Dreaming about setting your own home studio can be an exhilarating and rewarding experience – if things are done the right way that is. Of the many challenges that you might face, while setting up the recording room, one of them is to proper acoustic treatment of the space. If you have just set your foot in the world of sound production, you will quickly be asking yourself about how to reduce echo in the room. Additionally, you would want to get rid of not only sounds bouncing off your walls and floors but also the echo on your mic. We will help you get these two things right from the beginning.
Short on time? The best way to reduce echo in 2021 is by using Auralex Acoustic Studiofoam Panels (mid to high frequencies) and Dekiru Bass Traps (low frequencies). They reduce the intensity of echoes by absorbing and scattering it over an expanded area. Another great and very easy out of the box solution is LyxPro VRI-10 Microphone Isolation Shield. It completely removes echo from your microphone and has a high-quality sound-absorbing foam that soaks up reverberations for clear, crisp sound.
How To Reduce Echo In A Room For Recording: Best Ways In 2021
1. Acoustic Foam Panels
These are sound-absorbing panels that mitigate background noise, flutter echoes, reflections and resonances from the space.
Auralex Acoustic Studiofoam comes with 96 panels-providing significant coverage to all walls in your room for perfect recording.
It’s premium quality, high-density sound-absorbing foam with cell structure. These are most effective against standing and flutter echoes and have a noise reduction coefficient (NRC) of 0.8.
These panels are great at absorbing echoes from mid-to-high frequency sounds. When the sound waves fall onto it, they get absorbed right away instead of bouncing, hence little to no echoes.
To install these panels, you need to use mounting strips or adhesive spray. However, acoustic panels should generally be used on all the walls in your home studio.
- Fire resistant
- Not very effective in absorbing low sound frequencies. Use bass traps together with them for the best result
2. Bass Traps
Low frequency sounds are long and very strong, so they are hard to catch and stop.
They function by converting sound energy into heat through friction.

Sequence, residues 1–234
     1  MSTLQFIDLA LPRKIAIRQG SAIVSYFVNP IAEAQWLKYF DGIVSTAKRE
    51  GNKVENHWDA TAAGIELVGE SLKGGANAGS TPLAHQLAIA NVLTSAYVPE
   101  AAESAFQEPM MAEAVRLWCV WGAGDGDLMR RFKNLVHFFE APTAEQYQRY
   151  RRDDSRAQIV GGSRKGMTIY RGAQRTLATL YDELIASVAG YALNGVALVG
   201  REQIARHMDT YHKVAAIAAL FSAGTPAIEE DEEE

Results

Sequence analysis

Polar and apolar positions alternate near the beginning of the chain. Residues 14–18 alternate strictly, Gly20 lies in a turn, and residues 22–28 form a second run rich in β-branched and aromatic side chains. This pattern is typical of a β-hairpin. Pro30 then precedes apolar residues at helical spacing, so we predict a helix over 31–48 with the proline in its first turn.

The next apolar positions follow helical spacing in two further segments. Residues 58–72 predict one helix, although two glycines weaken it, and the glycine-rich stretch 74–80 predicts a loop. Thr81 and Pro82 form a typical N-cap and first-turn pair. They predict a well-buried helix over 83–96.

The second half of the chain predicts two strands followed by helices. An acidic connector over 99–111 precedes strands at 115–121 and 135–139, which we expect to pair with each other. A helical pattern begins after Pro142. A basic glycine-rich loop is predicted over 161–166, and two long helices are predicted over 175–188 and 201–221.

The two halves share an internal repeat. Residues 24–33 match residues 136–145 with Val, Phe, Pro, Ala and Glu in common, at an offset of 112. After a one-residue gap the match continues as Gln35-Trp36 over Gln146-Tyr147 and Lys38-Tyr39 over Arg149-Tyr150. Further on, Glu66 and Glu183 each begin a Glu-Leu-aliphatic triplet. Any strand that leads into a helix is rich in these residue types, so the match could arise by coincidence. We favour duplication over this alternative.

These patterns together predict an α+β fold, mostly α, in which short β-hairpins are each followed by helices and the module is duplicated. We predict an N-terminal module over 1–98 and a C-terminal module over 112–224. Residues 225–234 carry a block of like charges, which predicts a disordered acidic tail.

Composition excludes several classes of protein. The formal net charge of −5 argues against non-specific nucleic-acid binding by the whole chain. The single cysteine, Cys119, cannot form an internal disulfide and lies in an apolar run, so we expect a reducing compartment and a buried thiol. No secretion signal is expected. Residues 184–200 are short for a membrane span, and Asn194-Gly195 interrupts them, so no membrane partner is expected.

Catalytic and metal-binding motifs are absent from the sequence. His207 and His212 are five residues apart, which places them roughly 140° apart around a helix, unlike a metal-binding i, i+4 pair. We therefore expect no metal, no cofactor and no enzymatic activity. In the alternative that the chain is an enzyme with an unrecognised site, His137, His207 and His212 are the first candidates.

When making music, the sound waves tend to build-up in the corners of the rooms and create echoes.
Bass traps, therefore, should be placed in the trihedral corners (wall, wall, ceiling or wall, wall, floor), so they catch all these waves and prevent echoes.
We recommend using high-density Dekiru bass traps which come in a pack of 8 panels sized around 12″x 7″x7″. It’s made of polyester fiber that is hot-pressed with advanced technology.
It reduces slap-back and room ring when used in medium-sized areas like isolation booths, recording booths, control rooms, and sound studios thus providing a critical listening environment.
Also, this foam helps with smaller agitation echo complications. These bass traps are ideal for spot-treating. The materials are eco-friendly and fire retardant and very effective in small-medium sized rooms.
The bass traps come vacuum-compressed and you need to recover the foam according to easy methods mentioned in the instruction manual.
- Professional acoustic technology design
- Do not absorb mid-high frequency sounds. Use bass traps together with acoustic foam panels for the best result
3. Microphone Isolation Acoustic Shield
A great microphone isolation shield acts as a filter, reducing echo for a more even recording of your vocals thus enhancing the quality of your voice.
LyxPro VRI-10 is an excellent microphone isolation shield as its sturdy lightweight eva foam panels fit right onto most mic stands.
This allows structural integrity along with relevant sound diffusion so there is no distortion or alteration due to surrounding lingering waves.
It also preserves the clarity of your voice and instrument sound while eliminating audio-wave bounce and interference.
LyxPro VRI-10 is specially designed by acoustic experts to absorb and deflect ambient noise that may compromise the accuracy of your recording.